All U.S. Election-Related and Issue Ads on Facebook Must Now Be Labeled

Disclosures will reveal who paid for them

All political ads on Facebook and Instagram fall under the new policy. Facebook

Facebook announced today that all election-related and issue ads in the U.S. on both Facebook and Instagram must now be clearly labeled, including disclosures at the top of the ads revealing who paid for them.

Twitter revealed a similar tactic Wednesday, saying that it was teaming up with nonprofit civic organization Ballotpedia to create election labels for the accounts of candidates running in the 2018 U.S. midterm elections.

Facebook director of product management Rob Leathern said the company is giving advertisers “a short window of time—the next week or so” to make sure they go through this process before they are prevented from running ads.

Global politics and government outreach director Katie Harbath added that Facebook plans to roll these tools out more globally “in the coming months.”

Facebook announced earlier this month that it planned to hire as many as 20,000 more employees by the end of 2018 to work on everything from offensive content to election integrity, and the social network said Thursday that 3,000 to 4,000 will work on this initiative.

As previously reported, advertisers that seek to run ads with political content in the U.S. must verify their identity and location. Part of that process: putting in the last four digits of your social security number, a picture of a government-issued ID and a U.S. mailing address.

Leathern said revealing where the money behind the ads came from is especially important when that information doesn’t match the page name, adding that when Facebook or Instagram users click on those labels, they will be taken to this archive, which will provide information including the campaign budget associated with the ad and how many people saw it (as well as their ages, locations and genders).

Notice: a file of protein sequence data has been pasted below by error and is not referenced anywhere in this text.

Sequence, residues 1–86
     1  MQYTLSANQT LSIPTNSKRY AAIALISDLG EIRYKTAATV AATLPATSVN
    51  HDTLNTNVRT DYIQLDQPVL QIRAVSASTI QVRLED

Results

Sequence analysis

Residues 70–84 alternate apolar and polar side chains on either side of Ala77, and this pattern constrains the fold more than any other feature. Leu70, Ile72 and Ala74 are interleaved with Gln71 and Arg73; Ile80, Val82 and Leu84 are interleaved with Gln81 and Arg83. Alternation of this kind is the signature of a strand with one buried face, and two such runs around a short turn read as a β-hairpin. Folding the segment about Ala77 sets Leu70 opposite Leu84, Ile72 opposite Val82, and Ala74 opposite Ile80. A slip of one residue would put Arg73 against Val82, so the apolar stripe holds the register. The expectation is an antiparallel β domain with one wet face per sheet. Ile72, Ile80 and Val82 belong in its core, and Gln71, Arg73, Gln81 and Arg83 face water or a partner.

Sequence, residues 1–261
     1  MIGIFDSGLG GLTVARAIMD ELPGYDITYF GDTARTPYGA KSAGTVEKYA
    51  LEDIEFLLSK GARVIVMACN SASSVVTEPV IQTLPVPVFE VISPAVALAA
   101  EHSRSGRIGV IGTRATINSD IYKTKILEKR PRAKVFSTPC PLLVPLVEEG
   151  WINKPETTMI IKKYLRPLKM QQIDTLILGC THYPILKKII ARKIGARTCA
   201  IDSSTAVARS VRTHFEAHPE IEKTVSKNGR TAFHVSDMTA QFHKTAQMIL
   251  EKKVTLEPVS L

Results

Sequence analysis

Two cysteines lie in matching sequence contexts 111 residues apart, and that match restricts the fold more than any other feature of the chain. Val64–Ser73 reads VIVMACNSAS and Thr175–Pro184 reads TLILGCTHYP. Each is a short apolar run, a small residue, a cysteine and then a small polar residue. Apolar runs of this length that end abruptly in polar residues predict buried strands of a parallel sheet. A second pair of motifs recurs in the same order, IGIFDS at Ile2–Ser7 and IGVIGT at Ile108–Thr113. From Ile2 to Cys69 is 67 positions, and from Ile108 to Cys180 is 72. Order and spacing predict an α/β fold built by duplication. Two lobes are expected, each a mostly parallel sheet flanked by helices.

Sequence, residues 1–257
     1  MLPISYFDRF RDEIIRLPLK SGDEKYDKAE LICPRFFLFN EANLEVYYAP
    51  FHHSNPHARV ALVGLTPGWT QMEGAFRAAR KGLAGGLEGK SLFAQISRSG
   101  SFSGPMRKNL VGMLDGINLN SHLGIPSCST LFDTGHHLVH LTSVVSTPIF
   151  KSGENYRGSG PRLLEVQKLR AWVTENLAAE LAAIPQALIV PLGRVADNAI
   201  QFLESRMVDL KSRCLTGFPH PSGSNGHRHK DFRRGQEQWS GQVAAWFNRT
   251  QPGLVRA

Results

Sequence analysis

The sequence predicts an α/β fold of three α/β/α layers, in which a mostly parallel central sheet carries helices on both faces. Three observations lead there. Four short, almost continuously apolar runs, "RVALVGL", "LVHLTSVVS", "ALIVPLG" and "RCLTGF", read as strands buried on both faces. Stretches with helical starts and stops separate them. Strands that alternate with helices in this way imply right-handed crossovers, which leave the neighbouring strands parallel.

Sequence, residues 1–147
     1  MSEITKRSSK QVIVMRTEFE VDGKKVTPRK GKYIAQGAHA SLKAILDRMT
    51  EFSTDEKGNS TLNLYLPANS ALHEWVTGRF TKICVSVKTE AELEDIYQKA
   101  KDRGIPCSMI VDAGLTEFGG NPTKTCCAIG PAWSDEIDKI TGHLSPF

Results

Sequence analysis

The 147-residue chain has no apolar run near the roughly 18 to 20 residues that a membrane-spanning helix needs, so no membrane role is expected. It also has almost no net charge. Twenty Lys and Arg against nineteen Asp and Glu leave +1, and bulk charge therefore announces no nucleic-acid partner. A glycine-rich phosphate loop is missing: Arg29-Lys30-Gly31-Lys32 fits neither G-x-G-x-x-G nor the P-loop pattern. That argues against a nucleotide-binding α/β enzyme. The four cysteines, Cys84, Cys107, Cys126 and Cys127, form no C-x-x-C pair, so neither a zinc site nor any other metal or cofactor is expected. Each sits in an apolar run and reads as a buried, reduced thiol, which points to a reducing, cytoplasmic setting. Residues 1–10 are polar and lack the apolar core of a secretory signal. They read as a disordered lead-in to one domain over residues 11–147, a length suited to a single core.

The archive is available globally, and it will contain ads and political issue content run by advertisers for up to seven years from the day they run. Harbath added that the seven-year time frame was chosen in order to include a full U.S. Senate cycle of six years in the process.

Facebook began populating the archive in early May, Leathern said, starting with ads from advertisers that have completed its authorization process, and it is now adding ads that were determined to be political.

Learthen added that Facebook will work with the Election Commission it announced in April “and other stakeholders” to create an application-programming interface for the archive, enabling access for “outside experts, researchers and academics to conduct their own analyses on this data.”

Leathern also encouraged users to become more involved with helping to monitor political ads. Users who deem ads suspicious can tap the three dots in the upper-right-hand corner and select “report,” followed by, “it refers to a political candidate or issue,” and if the ad violates the social network’s political advertising policy, it will be removed and added to the archive mentioned above.

The advertisers behind those ads will then be banned from running ads containing political content until they complete Facebook’s authorization process, and users who report these ads will be updated on steps that were taken. David Cohen is editor of Adweek's Social Pro Daily.